Ninth Circuit Allows Discharge of Debt Related to Securities Law Violation


The U.S. Court of Appeals for the Ninth Circuit has found that debts relating to a securities law violation could be discharged in a Chapter 7 bankruptcy proceeding if the debtor himself was not responsible for violating federal securities laws.

The debtor, an attorney, represented his client in an Securities and Exchange Commission enforcement action. A receiver appointed in the enforcement action directed the debtor to disgorge sums for legal fees the debtor received from his client on retainer but had not yet used. The debtor filed for bankruptcy and sought to discharge his obligation to disgorge the retainer account sums.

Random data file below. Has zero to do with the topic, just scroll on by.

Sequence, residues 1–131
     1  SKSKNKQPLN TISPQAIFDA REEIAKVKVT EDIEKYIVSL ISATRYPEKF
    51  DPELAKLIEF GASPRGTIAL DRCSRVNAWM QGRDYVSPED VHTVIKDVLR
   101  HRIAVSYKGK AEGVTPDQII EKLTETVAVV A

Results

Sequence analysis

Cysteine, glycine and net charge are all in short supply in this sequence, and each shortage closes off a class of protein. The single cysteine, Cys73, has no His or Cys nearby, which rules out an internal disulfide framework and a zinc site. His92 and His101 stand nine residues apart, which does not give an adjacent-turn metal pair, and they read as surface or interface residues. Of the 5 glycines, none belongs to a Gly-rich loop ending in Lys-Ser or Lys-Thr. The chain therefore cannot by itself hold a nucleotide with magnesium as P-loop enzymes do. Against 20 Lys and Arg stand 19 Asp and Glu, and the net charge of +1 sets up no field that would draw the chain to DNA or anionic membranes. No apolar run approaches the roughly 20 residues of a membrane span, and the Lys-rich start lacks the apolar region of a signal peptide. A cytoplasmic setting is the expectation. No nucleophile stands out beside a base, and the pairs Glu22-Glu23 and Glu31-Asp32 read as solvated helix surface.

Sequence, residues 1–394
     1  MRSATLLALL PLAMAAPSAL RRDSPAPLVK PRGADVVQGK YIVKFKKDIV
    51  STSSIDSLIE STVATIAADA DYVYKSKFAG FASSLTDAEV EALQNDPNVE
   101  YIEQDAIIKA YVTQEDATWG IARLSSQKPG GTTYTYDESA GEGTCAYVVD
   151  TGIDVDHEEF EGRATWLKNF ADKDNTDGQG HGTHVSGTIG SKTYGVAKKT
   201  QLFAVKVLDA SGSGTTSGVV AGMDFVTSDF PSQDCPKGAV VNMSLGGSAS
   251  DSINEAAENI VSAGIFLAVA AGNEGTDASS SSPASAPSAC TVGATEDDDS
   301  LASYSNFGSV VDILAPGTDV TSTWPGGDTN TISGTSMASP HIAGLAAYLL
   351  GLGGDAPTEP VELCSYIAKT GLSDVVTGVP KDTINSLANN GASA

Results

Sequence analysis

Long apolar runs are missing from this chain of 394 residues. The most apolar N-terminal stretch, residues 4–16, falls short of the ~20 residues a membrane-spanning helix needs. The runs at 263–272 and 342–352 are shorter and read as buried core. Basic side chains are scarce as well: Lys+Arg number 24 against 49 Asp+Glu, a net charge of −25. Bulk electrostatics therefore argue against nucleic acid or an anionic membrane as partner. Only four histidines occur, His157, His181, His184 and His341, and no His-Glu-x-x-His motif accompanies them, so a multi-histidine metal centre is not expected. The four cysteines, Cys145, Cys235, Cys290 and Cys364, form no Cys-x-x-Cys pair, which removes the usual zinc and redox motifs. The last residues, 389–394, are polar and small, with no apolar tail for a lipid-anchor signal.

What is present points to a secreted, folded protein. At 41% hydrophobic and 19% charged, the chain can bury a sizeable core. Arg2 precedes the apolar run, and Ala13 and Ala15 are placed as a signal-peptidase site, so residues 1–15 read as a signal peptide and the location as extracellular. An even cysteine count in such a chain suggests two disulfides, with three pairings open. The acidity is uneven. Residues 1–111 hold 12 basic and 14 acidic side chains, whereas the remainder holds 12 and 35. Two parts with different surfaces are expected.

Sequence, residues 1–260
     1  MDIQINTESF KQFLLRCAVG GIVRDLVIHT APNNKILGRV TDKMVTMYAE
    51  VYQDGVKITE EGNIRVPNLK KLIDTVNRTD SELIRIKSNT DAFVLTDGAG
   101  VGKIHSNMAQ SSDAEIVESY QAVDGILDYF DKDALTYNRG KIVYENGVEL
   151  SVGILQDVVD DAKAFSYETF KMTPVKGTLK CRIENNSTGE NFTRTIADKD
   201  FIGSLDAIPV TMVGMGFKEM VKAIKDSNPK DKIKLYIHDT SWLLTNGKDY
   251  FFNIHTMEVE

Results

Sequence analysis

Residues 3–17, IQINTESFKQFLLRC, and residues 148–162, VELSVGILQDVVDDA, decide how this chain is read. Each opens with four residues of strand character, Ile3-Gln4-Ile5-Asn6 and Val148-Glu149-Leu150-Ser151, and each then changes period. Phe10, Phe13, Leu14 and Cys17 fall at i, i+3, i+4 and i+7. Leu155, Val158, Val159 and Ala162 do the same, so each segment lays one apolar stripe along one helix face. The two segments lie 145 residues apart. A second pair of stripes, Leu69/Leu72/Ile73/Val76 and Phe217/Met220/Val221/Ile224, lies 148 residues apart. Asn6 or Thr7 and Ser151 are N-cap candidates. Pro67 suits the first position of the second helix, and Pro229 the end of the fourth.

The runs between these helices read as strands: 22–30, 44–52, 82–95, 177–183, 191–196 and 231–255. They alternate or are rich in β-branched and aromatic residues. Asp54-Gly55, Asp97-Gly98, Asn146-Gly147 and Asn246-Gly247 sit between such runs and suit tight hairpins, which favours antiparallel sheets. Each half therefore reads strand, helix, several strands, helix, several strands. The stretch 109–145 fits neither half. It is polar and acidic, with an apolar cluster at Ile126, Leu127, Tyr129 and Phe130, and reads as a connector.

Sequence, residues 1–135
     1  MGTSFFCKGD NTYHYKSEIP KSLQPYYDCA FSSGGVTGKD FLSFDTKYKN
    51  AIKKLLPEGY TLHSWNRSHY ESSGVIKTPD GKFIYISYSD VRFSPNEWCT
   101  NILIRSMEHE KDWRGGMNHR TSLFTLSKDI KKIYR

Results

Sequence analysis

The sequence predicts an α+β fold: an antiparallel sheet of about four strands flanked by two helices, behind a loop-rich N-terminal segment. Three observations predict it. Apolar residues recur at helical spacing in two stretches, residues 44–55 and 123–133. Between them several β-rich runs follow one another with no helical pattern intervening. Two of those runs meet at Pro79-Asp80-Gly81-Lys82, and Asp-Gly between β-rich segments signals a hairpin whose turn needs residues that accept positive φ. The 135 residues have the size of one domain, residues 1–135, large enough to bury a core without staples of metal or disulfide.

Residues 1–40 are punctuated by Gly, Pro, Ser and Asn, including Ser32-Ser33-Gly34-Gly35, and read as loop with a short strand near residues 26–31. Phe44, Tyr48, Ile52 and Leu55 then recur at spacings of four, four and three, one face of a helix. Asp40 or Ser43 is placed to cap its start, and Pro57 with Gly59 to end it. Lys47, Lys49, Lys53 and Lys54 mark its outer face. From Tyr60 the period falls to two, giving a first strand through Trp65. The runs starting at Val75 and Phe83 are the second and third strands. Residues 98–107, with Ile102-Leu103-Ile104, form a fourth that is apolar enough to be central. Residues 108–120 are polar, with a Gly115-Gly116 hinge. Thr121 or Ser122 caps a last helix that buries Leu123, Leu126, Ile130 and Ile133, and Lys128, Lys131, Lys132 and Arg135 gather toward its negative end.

Section 523(a)(19) of the bankruptcy code provides that a debtor should not be discharged from any debt that is for “the violation of any of the Federal securities laws.” The debtor argued that the section required that the debtor himself violate the securities laws. The bankruptcy court agreed and found that because the debtor did not violate any securities laws – but merely held funds belonging to a person who had – the debt was dischargeable. The district court, taking a broader view, found that the section was not so limited and refused to discharge the debt.

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